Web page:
12 Takeaways from Wednesday Night's NBA Action
Wednesday's blockbuster NBA action kicked off with a fantastic, competitive, controversial matchup between the Eastern Conference's two best teams.
But the terrific tilt between the Indiana Pacers and Miami Heat was just the beginning.
Following the evening's marquee engagement, we saw game-winning shots, a reshuffling of the league's point guard hierarchy and a classic performance from a beloved veteran who almost called it quits a few months ago.
Plus, Andrea Bargnani did something that would get most middle school hoopers immediately benched. Trust me, you're going to want to see Bargs' epic, inexplicable brain fart. It's an all-timer.
Perhaps best of all, a brilliant talent made a stunningly quick recovery from an injury that threatened to derail his phenomenal season.
If you love NBA basketball, you picked a great night to spend in front of the television. Don't worry, though; if you missed out on any of the action, we've got you covered with takeaways from Wednesday's games.
We Might Finally Have a Real NBA Rivalry
It's hard to forge a real, honest-to-goodness rivalry in today's NBA. Thanks to the AAU circuit, players on opposing teams have all known each other since grade school, and fighting has been totally phased out of the league.
Plus, we haven't had two teams butt heads in repeated playoff series in the way that's typically necessary to form real competitive hatred.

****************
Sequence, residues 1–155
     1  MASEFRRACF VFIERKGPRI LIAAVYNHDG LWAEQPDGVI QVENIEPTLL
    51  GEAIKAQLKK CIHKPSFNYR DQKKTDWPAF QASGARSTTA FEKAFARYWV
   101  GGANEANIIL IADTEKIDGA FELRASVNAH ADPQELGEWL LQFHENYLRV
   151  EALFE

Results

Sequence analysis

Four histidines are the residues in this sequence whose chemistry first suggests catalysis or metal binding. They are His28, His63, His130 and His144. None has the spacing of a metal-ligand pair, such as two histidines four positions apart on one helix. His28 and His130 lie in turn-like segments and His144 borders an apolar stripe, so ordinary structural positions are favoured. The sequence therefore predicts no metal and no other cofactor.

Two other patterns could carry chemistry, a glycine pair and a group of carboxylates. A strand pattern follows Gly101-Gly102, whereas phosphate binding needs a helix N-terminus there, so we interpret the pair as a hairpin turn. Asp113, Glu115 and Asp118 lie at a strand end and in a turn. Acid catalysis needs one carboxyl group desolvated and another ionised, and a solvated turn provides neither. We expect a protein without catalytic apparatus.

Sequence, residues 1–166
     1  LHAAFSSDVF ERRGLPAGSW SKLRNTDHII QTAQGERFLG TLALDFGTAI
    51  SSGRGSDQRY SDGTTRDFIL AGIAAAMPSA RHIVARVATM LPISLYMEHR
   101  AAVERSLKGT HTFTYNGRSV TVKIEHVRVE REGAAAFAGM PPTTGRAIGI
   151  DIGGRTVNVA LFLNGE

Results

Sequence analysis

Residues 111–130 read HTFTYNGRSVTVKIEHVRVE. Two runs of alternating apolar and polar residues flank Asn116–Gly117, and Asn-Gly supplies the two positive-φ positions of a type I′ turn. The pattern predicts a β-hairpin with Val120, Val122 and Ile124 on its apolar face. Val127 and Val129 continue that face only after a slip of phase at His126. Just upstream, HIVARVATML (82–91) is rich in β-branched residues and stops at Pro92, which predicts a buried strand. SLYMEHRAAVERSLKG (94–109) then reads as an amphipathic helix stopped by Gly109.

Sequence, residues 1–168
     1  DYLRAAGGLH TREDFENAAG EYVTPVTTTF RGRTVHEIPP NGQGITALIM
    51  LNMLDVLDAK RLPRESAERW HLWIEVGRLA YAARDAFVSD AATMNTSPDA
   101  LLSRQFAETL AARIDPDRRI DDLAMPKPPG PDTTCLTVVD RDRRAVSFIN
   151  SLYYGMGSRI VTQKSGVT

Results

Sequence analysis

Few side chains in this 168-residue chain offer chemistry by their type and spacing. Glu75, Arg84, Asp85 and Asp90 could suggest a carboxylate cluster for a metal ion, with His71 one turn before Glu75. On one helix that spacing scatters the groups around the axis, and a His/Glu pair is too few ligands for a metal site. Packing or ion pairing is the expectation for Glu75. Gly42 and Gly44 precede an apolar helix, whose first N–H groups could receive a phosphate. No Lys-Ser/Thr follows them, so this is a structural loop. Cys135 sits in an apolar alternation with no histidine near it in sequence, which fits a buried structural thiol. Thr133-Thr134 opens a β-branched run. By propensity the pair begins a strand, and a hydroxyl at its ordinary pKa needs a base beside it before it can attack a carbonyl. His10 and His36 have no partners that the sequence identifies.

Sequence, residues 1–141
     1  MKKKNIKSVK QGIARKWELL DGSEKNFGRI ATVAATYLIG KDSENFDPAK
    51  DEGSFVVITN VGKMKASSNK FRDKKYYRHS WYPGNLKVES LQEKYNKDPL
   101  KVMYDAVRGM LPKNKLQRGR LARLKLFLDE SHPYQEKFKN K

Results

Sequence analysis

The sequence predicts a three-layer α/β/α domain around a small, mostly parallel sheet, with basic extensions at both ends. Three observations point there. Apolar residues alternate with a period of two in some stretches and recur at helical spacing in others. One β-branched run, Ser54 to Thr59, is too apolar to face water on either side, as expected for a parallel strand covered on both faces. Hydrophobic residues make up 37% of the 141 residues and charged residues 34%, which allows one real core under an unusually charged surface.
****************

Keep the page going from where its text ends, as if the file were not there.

The Heat and Pacers might be changing all that.
The games between Miami and Indiana don't necessarily have the same vitriol that marked classic rivalries between the Chicago Bulls and New York Knicks, or, further back, the Bulls and Detroit Pistons. But the Heat and Pacers clearly get up to play one another, and they didn't disappoint on Wednesday.
LeBron James shook off an ugly ankle injury to suit up, something he almost certainly wouldn't have done if any team but the Pacers had been in town. The crowd in Miami cheered at a fever pitch, every call was hotly contested and both teams showed the kind of energy that usually doesn't show up until June.
James and Dwyane Wade combined to erase a 15-point second-quarter deficit, and Chris Bosh finally broke his three-point shooting slump to tie the game with just over a minute left. Then, Ray Allen buried a three from the right wing with less than a minute remaining. It was Miami's first lead since midway through the first quarter.